Thursday, 25 October 2018

Views of London from The Monument

Having returned to St Dunstan Church to re-shoot the short video last weekend,
we thought we'd have a walk up to the top of the nearby London Monument.
The building designed by Sir Christopher Wren became a structural marking
point to commemorate The Great Fire of London in 1666.
And just close by is the actual infamous street where the Great Fire broke out
from a little Bakers shop in Pudding Lane.

The Fire started on the 2nd of September 1666 and continued devastating the City
right up to the 5th of September, destroying over 13,000 homes as well as 87 Churches
including the nearby St Dunstan in the East. And it's not surprising that the Fire
spread so quickly when you learn that most of the houses back then were constructed
of straw and timber. And the devastation left over 70,000 people homeless.
When the houses were rebuilt most of them were quite sensibly built with bricks.

But the visit to The Monument was interesting, although the walk up to the top, all 311 steps
was exhausting but worth it for the views of the London skyline. Also the spiral staircase
itself is quite narrow and as you make the climb up in such a small space, you have
to make way for the people coming down to leave the tall narrow building. But 
the base of the structure is very impressive.

More can be found out about The Monument at.....


And from there you can watch the official video.


Only 311 steps to climb to get to the viewing platform.
And it takes around 4 to 5 minutes to reach the top.

Above: The oddly shaped building 20 Fenchurch Street, or as it's often called
The Walkie Talkie Building.
The top floor viewing platform known as The Sky Garden is a must see place
with it's spectacular views of The City, day or night.
Above: St Paul's Cathederal
Below: Tower Bridge and The River Thames
Below: Back down to Earth and once again we find ourselves
down by Tower Bridge and The River Thames.


  1. A nice little history lesson. Pudding Lane to Pie Corner if I remember correctly. But what on earth is that badly designed building you shot through the wire mesh, the first time? It looks awful. - Ian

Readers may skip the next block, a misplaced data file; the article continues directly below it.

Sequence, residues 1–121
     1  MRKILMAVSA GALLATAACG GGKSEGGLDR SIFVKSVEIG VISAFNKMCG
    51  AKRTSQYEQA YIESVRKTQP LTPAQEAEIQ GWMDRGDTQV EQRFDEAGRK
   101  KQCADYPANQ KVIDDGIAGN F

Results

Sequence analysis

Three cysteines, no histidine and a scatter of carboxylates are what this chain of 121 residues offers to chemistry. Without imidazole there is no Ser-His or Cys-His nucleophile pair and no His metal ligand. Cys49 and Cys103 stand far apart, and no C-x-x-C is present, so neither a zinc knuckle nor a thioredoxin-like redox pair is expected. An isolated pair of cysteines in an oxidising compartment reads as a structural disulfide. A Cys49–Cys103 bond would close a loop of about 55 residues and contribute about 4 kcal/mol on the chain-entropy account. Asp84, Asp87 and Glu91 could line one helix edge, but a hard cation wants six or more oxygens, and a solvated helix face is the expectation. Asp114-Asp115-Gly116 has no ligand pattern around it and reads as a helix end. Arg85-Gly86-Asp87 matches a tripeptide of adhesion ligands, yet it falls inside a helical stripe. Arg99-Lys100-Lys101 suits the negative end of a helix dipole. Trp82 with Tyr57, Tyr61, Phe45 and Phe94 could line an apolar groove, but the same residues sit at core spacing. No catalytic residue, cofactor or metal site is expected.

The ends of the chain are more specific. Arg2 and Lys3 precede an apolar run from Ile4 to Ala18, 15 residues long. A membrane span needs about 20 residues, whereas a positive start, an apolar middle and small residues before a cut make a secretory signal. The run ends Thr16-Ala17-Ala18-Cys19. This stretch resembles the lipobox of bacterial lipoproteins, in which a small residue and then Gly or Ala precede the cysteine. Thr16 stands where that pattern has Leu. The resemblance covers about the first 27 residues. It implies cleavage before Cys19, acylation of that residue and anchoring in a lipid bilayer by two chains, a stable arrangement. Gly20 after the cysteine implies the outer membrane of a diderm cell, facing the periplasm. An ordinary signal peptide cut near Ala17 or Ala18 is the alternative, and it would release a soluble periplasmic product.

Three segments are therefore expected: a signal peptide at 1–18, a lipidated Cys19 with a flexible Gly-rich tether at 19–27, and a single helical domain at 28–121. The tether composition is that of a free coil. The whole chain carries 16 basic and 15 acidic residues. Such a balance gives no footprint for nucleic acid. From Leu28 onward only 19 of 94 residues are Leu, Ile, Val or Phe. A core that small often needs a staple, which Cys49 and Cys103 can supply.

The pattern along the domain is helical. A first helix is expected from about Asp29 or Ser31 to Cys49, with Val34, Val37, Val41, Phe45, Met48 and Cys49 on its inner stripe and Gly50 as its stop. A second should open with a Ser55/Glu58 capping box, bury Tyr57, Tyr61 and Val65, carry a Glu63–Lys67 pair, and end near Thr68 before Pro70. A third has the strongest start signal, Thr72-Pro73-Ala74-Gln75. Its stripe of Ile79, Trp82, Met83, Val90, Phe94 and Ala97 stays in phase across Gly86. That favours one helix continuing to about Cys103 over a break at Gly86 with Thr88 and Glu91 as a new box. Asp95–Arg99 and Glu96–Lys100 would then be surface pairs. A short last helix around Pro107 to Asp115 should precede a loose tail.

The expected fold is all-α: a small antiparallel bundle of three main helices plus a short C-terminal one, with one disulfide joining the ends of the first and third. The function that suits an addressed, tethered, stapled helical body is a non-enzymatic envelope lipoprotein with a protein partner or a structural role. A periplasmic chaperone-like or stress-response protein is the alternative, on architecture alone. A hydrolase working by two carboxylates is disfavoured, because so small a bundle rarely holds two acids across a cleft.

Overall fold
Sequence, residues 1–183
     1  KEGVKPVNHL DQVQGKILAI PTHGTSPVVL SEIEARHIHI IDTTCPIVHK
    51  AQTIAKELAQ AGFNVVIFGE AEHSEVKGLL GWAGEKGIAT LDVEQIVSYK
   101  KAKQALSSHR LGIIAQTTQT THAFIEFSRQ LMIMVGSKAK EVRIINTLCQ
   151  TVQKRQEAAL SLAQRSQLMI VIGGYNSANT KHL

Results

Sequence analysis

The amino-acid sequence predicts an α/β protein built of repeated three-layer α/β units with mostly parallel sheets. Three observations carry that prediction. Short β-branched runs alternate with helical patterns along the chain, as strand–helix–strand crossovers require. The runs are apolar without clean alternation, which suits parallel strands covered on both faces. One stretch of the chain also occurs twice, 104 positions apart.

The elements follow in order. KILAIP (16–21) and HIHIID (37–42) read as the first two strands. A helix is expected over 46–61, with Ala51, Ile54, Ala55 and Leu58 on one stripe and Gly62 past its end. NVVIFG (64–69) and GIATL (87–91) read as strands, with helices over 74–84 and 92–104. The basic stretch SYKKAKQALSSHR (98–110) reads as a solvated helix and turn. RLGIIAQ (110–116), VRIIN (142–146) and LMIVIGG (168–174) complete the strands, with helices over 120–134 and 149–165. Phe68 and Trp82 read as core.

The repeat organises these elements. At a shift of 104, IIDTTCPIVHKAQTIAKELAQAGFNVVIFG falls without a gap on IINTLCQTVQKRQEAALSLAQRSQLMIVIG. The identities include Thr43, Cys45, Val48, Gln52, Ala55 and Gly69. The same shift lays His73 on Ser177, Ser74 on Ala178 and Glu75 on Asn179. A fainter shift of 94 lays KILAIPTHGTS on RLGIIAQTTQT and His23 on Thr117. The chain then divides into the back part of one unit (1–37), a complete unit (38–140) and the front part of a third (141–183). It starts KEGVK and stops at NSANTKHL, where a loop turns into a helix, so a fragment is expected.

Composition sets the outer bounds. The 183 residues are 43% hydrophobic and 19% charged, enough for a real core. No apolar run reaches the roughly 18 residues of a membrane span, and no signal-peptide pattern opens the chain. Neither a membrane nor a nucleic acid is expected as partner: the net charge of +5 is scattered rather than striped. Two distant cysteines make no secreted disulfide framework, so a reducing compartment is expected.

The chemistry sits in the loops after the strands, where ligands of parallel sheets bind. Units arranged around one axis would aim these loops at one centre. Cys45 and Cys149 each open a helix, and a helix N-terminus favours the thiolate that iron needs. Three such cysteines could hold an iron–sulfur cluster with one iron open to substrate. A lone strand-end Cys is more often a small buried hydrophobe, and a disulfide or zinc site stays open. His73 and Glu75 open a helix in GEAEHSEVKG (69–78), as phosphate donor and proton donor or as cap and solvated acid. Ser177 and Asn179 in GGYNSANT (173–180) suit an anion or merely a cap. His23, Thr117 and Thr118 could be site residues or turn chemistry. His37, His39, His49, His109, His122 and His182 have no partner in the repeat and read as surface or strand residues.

2. Ian, That odd shaped building is 20 Fenchurch Street. Don't think they actually gave it an official
    name. But most people call it The Walkie Talkie Building and sometimes The Cell Phone Building.

    I can't say I actually like it's shape but the building has a winning card up it's sleeve because the
    top viewing platform that you can make out in the photo has what's called 'The Sky Garden.' It is a must
    see place now in London with spectacular views over the City. It's free to go up there once you have booked
    your visit, although you're taking your chances with the weather.
    But it does look spectacular at sunset just as it's getting dark as I've seen in a few youtubes. So of course
    I must make a visit there soon.

    1. Ian, I've added in another photo without the fencing getting in the way.

  3. Thanks for that. Although I think it might blow away in a decent Aussie cyclone. - Ian

    1. Ian, I've never liked buildings that are narrow at the bottom and wider at the top.
      Just doesn't sound structurally correct to me. What are the architects thinking.
      The old Twin Towers in New York made me a bit uneasy when visiting the Observation Deck.
      I always felt that they could have had bridges connecting the North and South Towers.
      I guess that today's architects feel they have to create wacky looking buildings to get
      them noticed.

  4. I am pleased you climbed up and took great photos as I have no intention of climbing that many stairs. It is a very interesting angle to view the Walkie Talkie building.

    1. A rather large gentleman (behind me on the stairs...thankfully) was puffing and panting
      by the time he got to the top. I don't think the climb did him any good.

      But they do have small sitting alcoves by each few levels for those that might want a rest.
      Although I was pleased to have climbed up there without any stops.